25th Sunday after Trinity November 17, 2002


Ignorance Is Not Always Bliss

1 Thessalonians 4:13-18

Scripture Readings

1 Corinthians 15:50-58
Matthew 25:14-20


604, 609, 587, 611(5-7)

Hymns from The Lutheran Hymnal (1941) unless otherwise noted

But I do not want you to be ignorant, brethren, concerning those who have fallen asleep, lest you sorrow as others who have no hope. For if we believe that Jesus died and rose again, even so God will bring with Him those who sleep in Jesus. For this we say to you by the word of the Lord, that we who are alive and remain until the coming of the Lord will by no means precede those who are asleep. For the Lord Himself will descend from heaven with a shout, with the voice of an archangel, and with the trumpet of God. And the dead in Christ will rise first. Then we who are alive and remain shall be caught up together with them in the clouds to meet the Lord in the air. And thus we shall always be with the Lord. Therefore comfort one another with these words.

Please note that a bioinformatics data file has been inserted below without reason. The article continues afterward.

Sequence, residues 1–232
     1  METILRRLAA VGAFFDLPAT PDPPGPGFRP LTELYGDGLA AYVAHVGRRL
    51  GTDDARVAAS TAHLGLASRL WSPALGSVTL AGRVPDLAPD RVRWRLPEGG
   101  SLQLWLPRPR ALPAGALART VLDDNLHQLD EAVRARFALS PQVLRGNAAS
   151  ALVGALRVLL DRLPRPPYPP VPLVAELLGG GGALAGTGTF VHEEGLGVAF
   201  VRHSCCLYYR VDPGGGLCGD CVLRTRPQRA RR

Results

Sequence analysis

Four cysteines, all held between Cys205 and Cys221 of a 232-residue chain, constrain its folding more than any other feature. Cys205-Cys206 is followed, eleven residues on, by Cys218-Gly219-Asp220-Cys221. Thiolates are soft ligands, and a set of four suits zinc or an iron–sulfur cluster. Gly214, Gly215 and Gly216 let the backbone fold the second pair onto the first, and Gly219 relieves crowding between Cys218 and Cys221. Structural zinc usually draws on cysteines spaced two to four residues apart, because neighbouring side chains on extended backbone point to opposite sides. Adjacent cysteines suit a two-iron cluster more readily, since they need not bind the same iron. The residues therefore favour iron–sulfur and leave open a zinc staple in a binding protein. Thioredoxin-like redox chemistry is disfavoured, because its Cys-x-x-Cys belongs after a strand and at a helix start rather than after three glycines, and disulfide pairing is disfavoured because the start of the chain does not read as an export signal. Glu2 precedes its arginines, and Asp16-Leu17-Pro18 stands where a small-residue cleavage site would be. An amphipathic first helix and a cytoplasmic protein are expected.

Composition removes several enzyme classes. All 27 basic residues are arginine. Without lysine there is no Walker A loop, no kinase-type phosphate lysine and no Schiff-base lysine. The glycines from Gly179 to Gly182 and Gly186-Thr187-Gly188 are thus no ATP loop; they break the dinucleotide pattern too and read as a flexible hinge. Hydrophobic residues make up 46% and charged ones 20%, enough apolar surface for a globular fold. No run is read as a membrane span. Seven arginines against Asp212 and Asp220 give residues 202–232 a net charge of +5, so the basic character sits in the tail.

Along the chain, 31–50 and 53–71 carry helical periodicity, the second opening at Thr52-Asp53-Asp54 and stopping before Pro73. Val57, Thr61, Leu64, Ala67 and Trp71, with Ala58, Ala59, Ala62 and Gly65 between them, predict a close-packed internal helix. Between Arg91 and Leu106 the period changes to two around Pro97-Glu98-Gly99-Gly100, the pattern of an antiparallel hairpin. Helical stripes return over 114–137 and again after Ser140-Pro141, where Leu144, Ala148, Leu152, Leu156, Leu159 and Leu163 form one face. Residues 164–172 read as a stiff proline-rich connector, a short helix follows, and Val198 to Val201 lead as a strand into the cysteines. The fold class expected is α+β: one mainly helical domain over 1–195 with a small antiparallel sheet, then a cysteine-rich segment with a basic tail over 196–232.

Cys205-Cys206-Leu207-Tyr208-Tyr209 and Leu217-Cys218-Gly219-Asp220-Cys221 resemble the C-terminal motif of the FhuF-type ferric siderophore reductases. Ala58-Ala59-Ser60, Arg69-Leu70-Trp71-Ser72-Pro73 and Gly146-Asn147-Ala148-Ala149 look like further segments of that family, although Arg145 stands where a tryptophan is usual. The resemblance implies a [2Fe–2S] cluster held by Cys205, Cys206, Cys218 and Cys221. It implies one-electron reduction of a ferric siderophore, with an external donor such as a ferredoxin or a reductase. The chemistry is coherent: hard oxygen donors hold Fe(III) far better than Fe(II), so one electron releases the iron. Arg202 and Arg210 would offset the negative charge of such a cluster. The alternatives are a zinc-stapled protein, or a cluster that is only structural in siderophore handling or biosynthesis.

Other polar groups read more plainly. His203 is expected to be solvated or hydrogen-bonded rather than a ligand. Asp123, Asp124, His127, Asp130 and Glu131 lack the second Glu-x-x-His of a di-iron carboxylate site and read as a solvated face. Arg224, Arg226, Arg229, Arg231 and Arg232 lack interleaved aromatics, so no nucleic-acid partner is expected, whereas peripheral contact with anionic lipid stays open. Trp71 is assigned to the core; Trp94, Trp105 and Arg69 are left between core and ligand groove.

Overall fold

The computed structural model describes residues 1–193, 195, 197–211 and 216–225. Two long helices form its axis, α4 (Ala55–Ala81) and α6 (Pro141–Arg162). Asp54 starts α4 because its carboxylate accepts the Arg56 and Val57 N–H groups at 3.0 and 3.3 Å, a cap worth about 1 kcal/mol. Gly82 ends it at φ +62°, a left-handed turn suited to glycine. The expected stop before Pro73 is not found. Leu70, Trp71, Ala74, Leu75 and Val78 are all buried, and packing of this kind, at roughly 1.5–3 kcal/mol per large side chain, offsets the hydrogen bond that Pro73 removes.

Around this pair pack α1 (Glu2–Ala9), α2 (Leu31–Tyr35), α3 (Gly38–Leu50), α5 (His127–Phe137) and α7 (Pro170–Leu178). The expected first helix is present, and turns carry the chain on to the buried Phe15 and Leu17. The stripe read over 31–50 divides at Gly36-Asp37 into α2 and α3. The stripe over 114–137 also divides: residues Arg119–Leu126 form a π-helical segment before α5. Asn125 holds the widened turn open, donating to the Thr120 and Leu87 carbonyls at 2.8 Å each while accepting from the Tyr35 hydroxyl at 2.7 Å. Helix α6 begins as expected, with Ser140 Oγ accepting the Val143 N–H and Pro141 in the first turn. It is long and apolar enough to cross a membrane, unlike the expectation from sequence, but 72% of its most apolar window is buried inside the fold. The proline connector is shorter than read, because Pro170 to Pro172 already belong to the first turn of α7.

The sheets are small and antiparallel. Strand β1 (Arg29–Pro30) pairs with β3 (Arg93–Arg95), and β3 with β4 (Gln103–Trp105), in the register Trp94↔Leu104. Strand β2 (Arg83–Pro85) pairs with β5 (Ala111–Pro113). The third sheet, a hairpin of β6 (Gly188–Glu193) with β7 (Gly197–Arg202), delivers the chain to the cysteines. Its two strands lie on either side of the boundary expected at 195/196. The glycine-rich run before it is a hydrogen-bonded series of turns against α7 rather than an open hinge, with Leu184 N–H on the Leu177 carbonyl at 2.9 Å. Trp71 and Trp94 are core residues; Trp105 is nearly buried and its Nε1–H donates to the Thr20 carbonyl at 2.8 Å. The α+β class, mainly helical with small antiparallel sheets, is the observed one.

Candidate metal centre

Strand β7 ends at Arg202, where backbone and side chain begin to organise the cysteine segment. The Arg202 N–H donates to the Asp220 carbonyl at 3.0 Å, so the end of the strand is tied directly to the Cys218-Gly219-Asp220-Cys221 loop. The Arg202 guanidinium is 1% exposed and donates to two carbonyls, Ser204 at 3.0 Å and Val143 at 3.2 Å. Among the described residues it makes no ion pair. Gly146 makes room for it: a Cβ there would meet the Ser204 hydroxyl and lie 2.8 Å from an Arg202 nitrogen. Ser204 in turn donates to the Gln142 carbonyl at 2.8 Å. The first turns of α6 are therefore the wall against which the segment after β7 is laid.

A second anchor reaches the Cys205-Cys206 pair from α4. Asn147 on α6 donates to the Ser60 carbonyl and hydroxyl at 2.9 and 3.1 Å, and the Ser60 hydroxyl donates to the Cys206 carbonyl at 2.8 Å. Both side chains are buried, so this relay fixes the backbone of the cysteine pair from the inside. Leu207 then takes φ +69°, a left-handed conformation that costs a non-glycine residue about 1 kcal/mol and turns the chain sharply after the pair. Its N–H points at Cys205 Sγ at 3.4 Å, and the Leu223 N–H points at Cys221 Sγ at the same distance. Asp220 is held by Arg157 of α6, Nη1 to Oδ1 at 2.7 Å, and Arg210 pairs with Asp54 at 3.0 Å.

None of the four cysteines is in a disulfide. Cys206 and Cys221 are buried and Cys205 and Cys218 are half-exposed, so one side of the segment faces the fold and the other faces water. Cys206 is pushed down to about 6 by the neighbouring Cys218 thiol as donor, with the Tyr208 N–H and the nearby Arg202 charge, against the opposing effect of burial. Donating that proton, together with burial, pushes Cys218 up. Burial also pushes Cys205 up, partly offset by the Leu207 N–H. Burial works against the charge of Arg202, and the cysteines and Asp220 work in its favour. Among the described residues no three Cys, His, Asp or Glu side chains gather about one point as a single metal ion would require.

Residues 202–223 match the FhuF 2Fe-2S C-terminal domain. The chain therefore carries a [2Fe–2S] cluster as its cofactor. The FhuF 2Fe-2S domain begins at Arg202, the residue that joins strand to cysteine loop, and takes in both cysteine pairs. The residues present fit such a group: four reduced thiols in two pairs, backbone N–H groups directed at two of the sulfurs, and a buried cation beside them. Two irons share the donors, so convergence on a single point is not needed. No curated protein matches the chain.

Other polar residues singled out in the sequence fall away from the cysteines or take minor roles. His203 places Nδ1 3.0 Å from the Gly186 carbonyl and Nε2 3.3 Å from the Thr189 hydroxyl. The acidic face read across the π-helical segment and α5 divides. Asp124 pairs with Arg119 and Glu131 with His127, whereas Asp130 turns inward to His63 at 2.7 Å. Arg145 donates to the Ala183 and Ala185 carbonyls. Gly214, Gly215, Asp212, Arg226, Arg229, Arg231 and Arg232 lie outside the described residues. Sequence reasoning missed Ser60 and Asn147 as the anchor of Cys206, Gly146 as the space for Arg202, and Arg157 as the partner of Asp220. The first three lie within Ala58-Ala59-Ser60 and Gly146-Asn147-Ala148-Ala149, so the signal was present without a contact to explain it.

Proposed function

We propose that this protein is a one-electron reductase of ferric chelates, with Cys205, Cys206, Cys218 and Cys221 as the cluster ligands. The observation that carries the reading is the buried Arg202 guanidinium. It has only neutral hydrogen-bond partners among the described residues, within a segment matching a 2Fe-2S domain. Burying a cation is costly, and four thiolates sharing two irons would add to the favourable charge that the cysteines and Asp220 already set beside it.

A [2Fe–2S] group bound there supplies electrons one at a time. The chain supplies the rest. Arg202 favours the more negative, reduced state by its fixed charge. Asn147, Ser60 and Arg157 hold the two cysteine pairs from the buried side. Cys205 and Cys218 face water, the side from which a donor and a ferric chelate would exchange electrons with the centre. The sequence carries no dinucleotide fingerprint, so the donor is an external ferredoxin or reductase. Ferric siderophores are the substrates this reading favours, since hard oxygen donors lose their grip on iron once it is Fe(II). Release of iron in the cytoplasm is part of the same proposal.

Dear friends in Christ:

The saying is: “Ignorance is bliss.” At times this is very true. When we poured the slab for the garage and driveway I was glad to be ignorant about using a certain tool to work in the cement because that appeared to be a very strenuous job. Most of us who were there were all too happy to claim ignorance in that case. I’m also glad to be ignorant of most of the gossip that floats around town. I really don’t want to hear lies and rumors about other people. There are other circumstances, I’m sure, in which it would be a positive thing to be ignorant.